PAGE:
The nitrogen arriving at x = 110 is six months out of phase so the two months in which data is taken are not the months needed for calculating D(x) at that x. Similar problems exist for other values of x. Therefore, the assumed special worth of springtime N is thoroughly contradicted. It seems that either the subpycnoclinal current is not the main transporter of nutrients to the Dead Zones of the Gulf or the Theory of Spring Nitrogen is false.

Some flaws of method in Scavia 2003:

1) there were too few data points and too many parameters,
2) there were un-measured (and un-measurable) parameters (von Neumann's Elephant),
3) “steady state” is assumed without checking to see that its minimal conditions are met,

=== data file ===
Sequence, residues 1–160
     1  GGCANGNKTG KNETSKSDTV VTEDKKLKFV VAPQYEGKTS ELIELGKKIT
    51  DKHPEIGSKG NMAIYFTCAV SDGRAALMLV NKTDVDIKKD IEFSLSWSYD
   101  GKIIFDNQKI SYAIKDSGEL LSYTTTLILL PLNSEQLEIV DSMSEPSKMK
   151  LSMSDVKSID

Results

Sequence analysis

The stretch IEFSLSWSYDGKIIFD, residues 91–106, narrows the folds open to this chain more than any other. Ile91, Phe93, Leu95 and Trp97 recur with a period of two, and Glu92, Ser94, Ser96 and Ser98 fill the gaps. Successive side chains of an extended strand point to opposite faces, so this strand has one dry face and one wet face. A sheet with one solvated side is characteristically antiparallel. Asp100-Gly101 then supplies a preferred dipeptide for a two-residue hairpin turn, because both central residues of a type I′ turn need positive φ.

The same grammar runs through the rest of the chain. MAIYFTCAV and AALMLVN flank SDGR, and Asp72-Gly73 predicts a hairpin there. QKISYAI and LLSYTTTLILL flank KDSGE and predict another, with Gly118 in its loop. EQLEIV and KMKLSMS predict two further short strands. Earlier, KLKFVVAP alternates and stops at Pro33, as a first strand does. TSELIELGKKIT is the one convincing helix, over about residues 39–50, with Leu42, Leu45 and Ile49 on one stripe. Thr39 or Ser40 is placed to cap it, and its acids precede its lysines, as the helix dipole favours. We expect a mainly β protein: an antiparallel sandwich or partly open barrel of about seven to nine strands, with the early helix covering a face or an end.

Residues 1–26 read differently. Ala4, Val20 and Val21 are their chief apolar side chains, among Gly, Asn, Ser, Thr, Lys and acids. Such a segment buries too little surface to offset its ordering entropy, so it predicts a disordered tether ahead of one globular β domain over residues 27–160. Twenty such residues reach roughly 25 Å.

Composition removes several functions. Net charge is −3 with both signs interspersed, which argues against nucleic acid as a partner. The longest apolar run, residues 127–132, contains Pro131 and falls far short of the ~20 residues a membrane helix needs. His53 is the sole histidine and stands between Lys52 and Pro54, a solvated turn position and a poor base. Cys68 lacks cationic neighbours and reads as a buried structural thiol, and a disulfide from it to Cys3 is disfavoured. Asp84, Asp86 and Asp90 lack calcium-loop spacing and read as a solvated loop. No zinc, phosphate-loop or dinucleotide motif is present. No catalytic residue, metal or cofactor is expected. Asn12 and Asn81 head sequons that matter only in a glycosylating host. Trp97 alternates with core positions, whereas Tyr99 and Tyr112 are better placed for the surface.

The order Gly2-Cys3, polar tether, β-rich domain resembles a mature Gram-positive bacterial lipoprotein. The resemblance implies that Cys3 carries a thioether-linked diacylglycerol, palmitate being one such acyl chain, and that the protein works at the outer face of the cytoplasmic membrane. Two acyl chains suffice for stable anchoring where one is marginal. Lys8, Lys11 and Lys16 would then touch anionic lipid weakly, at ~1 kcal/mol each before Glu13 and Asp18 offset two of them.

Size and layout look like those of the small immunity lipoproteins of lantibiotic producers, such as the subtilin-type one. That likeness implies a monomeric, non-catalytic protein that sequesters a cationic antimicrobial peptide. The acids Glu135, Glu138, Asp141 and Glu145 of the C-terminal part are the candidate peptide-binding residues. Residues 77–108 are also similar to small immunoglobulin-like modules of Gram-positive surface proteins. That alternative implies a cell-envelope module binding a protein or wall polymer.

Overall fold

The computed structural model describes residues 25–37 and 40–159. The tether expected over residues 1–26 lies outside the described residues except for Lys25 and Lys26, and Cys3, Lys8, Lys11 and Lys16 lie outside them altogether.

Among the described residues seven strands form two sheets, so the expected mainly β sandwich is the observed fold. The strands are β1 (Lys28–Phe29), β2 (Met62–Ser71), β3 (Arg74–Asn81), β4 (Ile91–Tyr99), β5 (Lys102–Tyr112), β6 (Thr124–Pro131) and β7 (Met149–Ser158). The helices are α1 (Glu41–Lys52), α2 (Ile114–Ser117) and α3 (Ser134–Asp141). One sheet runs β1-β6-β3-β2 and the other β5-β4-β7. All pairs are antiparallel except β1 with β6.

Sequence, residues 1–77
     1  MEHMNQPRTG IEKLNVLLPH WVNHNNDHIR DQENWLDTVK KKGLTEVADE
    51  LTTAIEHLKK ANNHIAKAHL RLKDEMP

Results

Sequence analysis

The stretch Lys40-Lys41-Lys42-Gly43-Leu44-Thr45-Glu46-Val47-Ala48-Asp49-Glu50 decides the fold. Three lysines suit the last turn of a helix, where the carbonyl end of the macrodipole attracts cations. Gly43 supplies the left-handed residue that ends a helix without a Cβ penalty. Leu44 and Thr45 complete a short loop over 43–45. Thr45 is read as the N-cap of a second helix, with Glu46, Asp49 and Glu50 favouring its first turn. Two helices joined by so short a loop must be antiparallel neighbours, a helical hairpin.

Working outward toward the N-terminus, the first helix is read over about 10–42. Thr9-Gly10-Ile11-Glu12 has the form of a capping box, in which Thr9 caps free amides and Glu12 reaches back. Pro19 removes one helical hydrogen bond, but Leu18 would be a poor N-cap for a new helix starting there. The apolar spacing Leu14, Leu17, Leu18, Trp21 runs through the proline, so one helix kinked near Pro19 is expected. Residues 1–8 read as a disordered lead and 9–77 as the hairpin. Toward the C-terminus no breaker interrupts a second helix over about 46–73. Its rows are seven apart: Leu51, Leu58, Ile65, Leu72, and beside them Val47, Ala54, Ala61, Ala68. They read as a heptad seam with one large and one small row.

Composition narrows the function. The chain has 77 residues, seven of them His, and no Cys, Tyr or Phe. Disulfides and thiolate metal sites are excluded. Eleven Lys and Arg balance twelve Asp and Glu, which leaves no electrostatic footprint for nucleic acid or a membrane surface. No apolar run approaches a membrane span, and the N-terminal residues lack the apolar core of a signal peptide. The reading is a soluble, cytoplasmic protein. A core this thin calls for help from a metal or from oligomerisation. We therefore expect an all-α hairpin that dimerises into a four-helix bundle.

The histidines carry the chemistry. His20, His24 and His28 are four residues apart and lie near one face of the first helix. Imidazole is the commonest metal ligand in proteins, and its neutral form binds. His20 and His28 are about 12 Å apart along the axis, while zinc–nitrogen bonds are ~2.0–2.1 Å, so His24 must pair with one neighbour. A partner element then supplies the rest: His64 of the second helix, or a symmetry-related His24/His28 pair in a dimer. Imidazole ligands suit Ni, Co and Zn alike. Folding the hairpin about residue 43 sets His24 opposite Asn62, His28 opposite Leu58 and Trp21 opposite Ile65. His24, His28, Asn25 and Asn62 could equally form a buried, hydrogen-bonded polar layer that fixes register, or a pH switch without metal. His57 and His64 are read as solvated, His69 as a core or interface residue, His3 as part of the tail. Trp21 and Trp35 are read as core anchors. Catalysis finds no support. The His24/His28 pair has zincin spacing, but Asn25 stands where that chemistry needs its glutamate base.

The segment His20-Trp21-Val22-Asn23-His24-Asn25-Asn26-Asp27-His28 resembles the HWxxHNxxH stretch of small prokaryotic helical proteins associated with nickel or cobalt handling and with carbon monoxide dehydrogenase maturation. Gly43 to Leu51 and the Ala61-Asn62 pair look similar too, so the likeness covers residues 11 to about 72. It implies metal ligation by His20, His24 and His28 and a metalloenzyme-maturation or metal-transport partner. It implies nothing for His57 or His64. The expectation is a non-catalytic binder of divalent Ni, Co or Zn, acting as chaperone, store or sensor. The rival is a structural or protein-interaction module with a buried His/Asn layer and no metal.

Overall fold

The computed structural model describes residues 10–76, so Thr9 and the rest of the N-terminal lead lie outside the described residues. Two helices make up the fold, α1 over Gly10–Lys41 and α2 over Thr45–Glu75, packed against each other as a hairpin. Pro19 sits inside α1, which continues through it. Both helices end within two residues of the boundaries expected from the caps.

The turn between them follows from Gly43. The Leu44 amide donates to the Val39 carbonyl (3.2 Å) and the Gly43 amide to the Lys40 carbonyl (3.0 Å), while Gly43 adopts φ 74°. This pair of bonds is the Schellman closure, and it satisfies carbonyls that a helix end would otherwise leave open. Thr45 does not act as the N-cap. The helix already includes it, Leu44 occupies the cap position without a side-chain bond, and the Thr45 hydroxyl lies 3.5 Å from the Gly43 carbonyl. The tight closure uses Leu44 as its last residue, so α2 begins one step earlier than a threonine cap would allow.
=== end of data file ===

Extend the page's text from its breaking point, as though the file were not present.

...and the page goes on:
4) the model-generator is too flexible to result (other than by luck) in accurate predictions,
5) the yearly models make the physically impossible implication of negative concentration of oxygen (a secondary error is to ignore these implications. A related error is to not reveal these implications),
6) an assumption behind the modeling process implies the Reconcentration Hypothesis (see Figure 1) which seems unlikely to be true,
7) critical parameters and methods were omitted from the presentation,
8) given the believed rates of motion of the waters, the springtime measurements of nitrogen in the two rivers cannot be relevant to measurements across all of the Dead Zone in July, when measurements of hypoxia are made, and